FIFA 12 continues to sell strongly, climbing three to No.2, while Call of Duty: Modern Warfare 3 also sees an increase in sales moving up to No.3.  A new Nintendo 3DS version, and discounting on other platforms, sees Mario & Sonic at the London 2012 Olympic Games jump to No.4, while Battlefield 3 is up one to No.5.

Former No.1 Final Fantasy XIII-2 slips to No.6 this week, sitting one place ahead of Skylanders: Spyro’s Adventure which reaches its highest ever chart position at No.7. Last week’s debutant The Darkness II drops five to No.8, The Elder Scrolls V: Skyrim remains at No.9, while Just Dance 3 moves up two to complete the top ten.

Assassin’s Creed: Revelations and Metal Gear Solid HD Collection join Kingdoms of Amular: Reckoning in leaving the top ten.

The UKIE Gfk Chart-Track All Formats Top 10 for the week ending 18th February 2012 is therefore as follows:

1: UFC Undisputed 3 – THQ
2: FIFA 12 – EA
3: Call of Duty: Modern Warfare 3 – Activision
4: Mario and Sonic at the Winter Olympic Games – Sega
5: Battlefield 3 – EA
6: Final Fantasy XIII-2 – Square Enix
7: Skylanders: Spyro’s Adventure – Activision
8: The Darkness II – 2K
9: The Elder Scrolls V: Skyrim – Bethesda
10: Just Dance 3 – Ubisoft

Releases for the coming week include a large amount of PlayStation Vita titles, alongside the launch of Sony’s new handheld console.

What are your thoughts on the charts this week? Is it a well deserved No.1 for UFC Undisputed 3?

Leave your comments here on The Train2Game Blog, or on the Train2Game forum.

[Source: UKIE Games Charts©, compiled by GfK Chart-Track]

Train2Game news: Watch Mojang’s Game Jam LIVE right now!

Train2Game students can tune in and watch Minecraft developer Mojang’s 60 hour Game Jam, right now.

The Minecraft team are making a brand new game this weekend, and donating the funds to the Humble Bundle Charity. Viewers still have time to vote for what genre of game they want Mojang to make, and at the time of writing it looks like they’ll be creating a Steam Punk RTS.

Watch the Mojam on the Mojang Twitch TV channel. It’s sure to provide Train2Game students with an excellent insight into game development.

More information about the Mojam is right here on The Train2Game Blog.

Train2Game students know all about Game Jams, as Train2Game has held two 48 hour long Game Jams, with the four winning teams at the Train2Game & Epic Game Jam, moving onto a Make Something Unreal Live at The Gadget Show Live, where they have the opportunity to win a fully licensed UDK Ios development kit.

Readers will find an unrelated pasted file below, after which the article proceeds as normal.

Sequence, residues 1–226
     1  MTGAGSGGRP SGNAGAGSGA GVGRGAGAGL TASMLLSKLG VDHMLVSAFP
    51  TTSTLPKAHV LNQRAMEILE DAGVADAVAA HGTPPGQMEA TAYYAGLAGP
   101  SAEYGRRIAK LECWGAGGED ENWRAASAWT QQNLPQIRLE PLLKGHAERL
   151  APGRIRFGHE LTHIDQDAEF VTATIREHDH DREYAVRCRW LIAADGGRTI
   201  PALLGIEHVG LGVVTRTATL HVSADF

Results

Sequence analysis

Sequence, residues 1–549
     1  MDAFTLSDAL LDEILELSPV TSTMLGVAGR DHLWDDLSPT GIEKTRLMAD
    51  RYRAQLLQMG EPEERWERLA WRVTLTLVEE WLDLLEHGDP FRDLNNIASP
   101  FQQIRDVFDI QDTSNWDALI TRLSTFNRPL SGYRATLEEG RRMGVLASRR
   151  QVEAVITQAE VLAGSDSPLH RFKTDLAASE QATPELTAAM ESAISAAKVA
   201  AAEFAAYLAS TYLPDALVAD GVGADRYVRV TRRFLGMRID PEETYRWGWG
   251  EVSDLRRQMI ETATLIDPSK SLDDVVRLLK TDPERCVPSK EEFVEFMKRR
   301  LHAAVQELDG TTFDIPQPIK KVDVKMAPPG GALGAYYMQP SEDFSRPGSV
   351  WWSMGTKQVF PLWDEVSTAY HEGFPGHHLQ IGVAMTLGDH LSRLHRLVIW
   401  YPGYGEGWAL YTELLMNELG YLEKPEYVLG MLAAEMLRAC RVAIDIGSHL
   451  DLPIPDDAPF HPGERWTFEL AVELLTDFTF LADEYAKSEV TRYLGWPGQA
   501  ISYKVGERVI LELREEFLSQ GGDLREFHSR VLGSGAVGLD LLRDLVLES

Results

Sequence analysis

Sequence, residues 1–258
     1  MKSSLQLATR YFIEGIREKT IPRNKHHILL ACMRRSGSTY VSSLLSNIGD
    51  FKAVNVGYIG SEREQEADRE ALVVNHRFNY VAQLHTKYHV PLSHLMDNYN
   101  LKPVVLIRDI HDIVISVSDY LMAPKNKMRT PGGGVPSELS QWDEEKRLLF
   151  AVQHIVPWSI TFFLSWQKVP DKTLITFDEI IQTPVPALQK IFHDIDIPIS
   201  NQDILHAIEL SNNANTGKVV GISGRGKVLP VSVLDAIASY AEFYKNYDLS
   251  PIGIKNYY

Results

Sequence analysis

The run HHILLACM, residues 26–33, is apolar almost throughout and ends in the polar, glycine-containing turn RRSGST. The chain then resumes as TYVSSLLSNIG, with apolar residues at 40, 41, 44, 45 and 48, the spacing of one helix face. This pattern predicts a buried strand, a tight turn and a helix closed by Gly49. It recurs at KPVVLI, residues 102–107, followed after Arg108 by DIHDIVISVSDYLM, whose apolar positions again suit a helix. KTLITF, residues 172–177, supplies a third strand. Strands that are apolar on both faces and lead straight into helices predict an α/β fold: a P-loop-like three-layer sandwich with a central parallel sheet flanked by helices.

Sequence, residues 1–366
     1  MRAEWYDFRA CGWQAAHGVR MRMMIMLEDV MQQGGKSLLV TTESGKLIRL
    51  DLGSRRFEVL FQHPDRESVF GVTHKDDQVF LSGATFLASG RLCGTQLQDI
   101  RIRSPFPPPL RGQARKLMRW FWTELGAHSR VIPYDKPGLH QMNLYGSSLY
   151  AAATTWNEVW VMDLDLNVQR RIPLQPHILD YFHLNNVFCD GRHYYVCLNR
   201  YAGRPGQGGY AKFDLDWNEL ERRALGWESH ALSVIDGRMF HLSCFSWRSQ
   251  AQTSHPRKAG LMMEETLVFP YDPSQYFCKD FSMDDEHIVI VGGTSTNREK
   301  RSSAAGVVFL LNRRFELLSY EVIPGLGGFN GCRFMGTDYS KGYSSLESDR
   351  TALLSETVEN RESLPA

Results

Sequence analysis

As usual, leave your comments here on The Train2Game Blog, or on the Train2Game forum.

Train2Game news: Counter-Strike creator’s new FPS going into closed beta

Train2Game students have the opportunity to register for the closed beta for Tactical Intervention, the new free-to-play FPS from Counter-Strike creator Minh “Gooseman” Le.

The Tactical Intervention closed beta begins in March, and if you want to apply to be involved, head to the website and follow the instructions. While the beta is currently restricted to North America, it’s likely that other regions will follow, so it can’t hurt to register your interest.

Train2Game students can watch the trailer for Tactical Intervention below.

Counter-Strike: Global Offensive is currently in closed beta, and speaking to The Train2Game Blog at last year’s EuroGamer expo, Valve’s Chet Faliszek said that beta testing is important to game development.

“It’s really important to us because we’re going to let that drive the release date, because we’re really looking to get the feedback from the community over the changes we’ve made.” he said.

“We’ve brought over some stuff that was good from Counter-Strike: Source and we’ve brought over some stuff that was good from 1.6, so it’s going to be interesting to see how the communities react.” the Valve game designer continued.

“Already we’ve got some positive feedback from some of the pros, but we’re telling the communities it’s not going to be either, it’s going to be something new so let’s play it, let’s give feedback and let’s go from there.” Faliszek added.

Beta testing is an excellent way for Train2Game students, especially those on the Games QA Tester course to practice their bug hunting skills. Not only that, but in an interview with the Train2Game blog, Trion Worlds Senior QA Tester Karl Tars said that beta testing is potentially a way to get into the industry.

For the latest news on beta testing opportunities, keep reading The Train2Game Blog.

What are your initial thoughts on Tactical Intervention?

Leave your comments here on The Train2Game Blog, or on the Train2Game forum.